Saturday, June 25, 2011
Everyone in library land should do themselves a favor and stop spreading this lie. Instead, we should tell the truth. The library is not free; it’s something you’ve already paid for. An apt analogy (in my mind) is that the library is like a Groupon deal that get’s you $100 of food for about $13. Once you’ve paid for that, your food isn’t free, it’s just really cheap. (The big flaw in this analogy, if course, is that you would CHOOSE to buy the groupon, you have no real choice about the library- but that’s a different story altogether.)
If you think it’s free, you simply think you’re passing up a free service- like not taking that sample pizza bagel at SAMS. However, if you don’t use the library, you’re paying for something you’re not using- like buying the box of pizza bagels and leaving them on the bottom of the cart instead of taking them home. From a library marketing standpoint, I don’t see WHY you would ever tell someone it’s free. Are you more likely to use something that’s free, or something that you’ve already paid for so you might as well get your money’s worth? I definitely don’t know why Linda McMaken at Investopedia would make this ignorant mistake.
Tuesday, June 14, 2011
My last idea got me thinking. The numbers just seems amazing to me, so I thought I would take them out to some logical conclusions. First, I was wrong about Kern County. It’s San Antonio that spends the least per capita at $13.96. Now, let’s keep looking at those numbers.
Approximately 70% (really 68%, but I’m giving the benefit to a higher number) of the population has a library card. Only 35% of cardholders used the library in between one and five times in the last year (so, at most, less than once every 2 months). 15% use the library at least almost every 2 weeks. With the in between visitors, data shows that 76% of cardholders used the library in the last year. (That means that 26% of cardholders used the library more than 5 times a year and less than 25).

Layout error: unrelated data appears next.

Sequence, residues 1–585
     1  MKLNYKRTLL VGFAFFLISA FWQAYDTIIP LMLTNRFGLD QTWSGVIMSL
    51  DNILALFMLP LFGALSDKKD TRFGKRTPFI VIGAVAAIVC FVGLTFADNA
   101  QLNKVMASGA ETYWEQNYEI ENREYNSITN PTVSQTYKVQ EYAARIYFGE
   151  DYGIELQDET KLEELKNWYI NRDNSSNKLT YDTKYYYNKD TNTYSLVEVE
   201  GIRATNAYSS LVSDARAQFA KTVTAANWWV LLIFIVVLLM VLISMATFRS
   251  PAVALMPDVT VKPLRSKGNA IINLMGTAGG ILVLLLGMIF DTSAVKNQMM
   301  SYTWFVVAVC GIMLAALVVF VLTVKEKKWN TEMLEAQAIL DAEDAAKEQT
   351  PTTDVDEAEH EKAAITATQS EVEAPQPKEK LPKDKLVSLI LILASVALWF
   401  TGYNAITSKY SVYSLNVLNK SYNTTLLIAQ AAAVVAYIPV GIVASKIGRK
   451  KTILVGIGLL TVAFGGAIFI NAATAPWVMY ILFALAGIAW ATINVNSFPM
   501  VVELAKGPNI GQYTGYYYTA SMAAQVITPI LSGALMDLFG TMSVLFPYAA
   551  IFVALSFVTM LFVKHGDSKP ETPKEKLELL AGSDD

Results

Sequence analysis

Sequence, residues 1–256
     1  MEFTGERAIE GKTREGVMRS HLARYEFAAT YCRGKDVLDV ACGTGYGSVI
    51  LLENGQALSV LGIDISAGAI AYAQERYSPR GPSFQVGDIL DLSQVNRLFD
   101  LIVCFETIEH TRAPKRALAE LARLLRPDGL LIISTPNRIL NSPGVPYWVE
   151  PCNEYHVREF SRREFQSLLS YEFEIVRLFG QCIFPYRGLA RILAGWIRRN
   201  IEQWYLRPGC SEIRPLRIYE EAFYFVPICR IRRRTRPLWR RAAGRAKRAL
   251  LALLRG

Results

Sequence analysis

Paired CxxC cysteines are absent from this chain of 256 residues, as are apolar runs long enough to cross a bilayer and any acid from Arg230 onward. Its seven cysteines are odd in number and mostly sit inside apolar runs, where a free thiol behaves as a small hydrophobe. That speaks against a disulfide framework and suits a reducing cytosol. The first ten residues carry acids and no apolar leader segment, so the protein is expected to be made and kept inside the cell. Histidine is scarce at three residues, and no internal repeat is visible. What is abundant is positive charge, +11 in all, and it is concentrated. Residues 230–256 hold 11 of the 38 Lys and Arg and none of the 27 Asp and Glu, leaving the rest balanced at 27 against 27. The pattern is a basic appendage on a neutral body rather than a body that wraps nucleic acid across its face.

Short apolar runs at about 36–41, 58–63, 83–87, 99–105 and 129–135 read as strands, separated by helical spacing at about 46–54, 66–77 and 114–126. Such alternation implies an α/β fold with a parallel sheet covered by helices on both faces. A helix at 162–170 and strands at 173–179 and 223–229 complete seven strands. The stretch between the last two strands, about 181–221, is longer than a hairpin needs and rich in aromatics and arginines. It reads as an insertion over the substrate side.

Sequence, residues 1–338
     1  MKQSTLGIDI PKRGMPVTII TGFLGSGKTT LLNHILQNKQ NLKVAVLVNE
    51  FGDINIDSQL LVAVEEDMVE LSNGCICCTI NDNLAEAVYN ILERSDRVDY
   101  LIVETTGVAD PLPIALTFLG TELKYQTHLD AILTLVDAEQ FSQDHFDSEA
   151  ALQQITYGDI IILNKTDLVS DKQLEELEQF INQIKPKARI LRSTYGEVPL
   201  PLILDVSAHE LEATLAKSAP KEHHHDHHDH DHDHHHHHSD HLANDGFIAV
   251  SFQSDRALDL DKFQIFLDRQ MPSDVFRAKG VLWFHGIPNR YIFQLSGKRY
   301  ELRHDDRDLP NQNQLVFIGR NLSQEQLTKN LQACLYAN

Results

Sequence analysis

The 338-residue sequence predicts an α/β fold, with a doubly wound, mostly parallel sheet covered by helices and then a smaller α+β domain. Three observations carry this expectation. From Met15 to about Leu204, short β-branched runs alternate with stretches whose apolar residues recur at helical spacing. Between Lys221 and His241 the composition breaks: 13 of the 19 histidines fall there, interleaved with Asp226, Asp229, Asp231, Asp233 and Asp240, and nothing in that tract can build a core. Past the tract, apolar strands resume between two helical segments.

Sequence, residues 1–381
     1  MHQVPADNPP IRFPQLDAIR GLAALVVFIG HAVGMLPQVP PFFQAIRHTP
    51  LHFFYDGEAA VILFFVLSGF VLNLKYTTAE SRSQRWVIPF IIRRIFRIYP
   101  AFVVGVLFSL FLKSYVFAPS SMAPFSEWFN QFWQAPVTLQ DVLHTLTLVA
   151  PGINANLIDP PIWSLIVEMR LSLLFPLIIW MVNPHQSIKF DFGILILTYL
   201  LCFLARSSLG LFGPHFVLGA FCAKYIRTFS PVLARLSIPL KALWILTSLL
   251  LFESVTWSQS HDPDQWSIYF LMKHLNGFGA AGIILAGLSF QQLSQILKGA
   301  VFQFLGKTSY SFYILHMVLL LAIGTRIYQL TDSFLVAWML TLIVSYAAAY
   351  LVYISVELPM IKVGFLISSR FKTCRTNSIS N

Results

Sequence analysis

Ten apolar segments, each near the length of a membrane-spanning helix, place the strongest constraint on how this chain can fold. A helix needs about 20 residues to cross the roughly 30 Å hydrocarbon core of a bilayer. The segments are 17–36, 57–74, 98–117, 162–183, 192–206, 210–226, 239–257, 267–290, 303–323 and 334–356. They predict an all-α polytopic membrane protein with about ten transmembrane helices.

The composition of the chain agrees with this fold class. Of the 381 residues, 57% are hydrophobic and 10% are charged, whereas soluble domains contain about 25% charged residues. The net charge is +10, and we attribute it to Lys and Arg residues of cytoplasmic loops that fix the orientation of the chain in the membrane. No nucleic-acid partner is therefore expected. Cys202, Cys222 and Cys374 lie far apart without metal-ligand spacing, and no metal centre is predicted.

I’m going to quit picking on San Francisco and use San Antonio as my example base. Let’s use their population of 1,513,800 as listed in the lit. So, we can fairly assume that approx 1,059,660 people in San Antonio have library cards. We can also fairly assume that only 805,342 have used these cards in the last year- and 254,318 haven’t. So, these numbers show 708,458 people in San Antonio haven’t used the library AT ALL in the last year. This is 47% of the population!
Now, let’s look at the budget and break it down like CB4-
$13.96 per capita expenditure gives San Antonio Public Library a budget of a little over $21mm annually. That gives the library a budget of almost $20/library cardholder. This means the budget is $26/library USER. I could get into shades here and only count a percentage of the minimal users, but I won’t. (in San Fran that equals out to approx $117/USER). So, the 41% of cardholders that account for the library’s real circ numbers (especially the top 15 percent cardholders) are getting a STEAL. BTW, 15 percent of cardholders equals approx 20% of USERS that drive your real circ and stats. So, in San Antonio, that’s 158,949 people that are “heavy users”. That’s 10.5% of the total population uses the library on (at least) a bi-weekly basis. These people- even assuming that they only check out 1 item each every 25 times a year- account for 3,973,725 circs/year. That’s 62% of the library’s total circulation (6,374,109 in the year of these numbers)! Also, from the same source, that means they account for 93% of library visits (4,267,488 total)!!!! This is from a minority of cardholders/users and 11% of the population!